Bayreuther Institut für Terrestrische Ökosystemforschung
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Michalzik, B; Müller, T; Stadler, B: Aphids on Norway spruce and their effects on forest floor solution chemistry, Forest Ecology and Management, 118, 1-10 (1999)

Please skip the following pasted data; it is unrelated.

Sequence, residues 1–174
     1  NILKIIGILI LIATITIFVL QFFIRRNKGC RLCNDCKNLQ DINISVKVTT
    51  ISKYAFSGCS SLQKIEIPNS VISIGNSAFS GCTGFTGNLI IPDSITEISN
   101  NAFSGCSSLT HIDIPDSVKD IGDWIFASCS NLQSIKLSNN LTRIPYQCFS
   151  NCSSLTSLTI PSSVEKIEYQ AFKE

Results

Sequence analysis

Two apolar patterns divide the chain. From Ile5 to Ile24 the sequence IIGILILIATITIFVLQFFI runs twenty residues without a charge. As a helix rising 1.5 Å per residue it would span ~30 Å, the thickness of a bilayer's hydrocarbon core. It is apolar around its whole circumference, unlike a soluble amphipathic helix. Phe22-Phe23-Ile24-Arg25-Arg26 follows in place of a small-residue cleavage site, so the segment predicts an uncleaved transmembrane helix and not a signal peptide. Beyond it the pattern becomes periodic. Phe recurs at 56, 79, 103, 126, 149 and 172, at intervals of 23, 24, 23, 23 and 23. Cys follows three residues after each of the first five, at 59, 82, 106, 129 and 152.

Many species of aphids on spruce excrete large quantities of honeydew. As providers of carbohydrates, it is likely that they affect several ecosystem functions by fuelling biological processes, which are energy limited. In a rainfall simulation experiment we manipulated the level of aphid infestation on spruce and studied the effects of honeydew on forest floor solution chemistry collected underneath infested and uninfested trees. A non-destructive sampling method was used to allow repeated measurements using the same forest floor during the experimental period. Although the input of dissolved organic carbon (DOC) underneath infested trees to the forest floor was considerably higher compared to uninfested trees, carbon concentrations of forest floor leachates did not differ between treatments. Concentrations of dissolved organic nitrogen (DON), NO3-N and Ntotal of forest floor leachates, underneath infested and uninfested trees followed a marked seasonal trend with low concentrations recorded in June and after frost treatment of the forest floor, while highest concentrations were recorded in July/August. Statistically significant differences in soil solution properties underneath infested and uninfested trees were recorded in July when honeydew affected forest floor leachates had lower concentrations of NH4-N, Ntotal, a lower conductivity and a higher pH. Discriminant function analysis showed that forest floor leachates can be classified according to the experience of frost and nitrogen concentrations, which were affected by the honeydew of aphids. At the end of the experiment, the number of micro-organisms present in the forest floor was not significantly different between treatments but was higher in the Oh compared to the Ol+f horizon. Microbial communities did not appear to be severely influenced by deep temperatures. It seems likely that in coniferous forests aphids can considerably reduce local fluxes of nitrogen from the forest floor.
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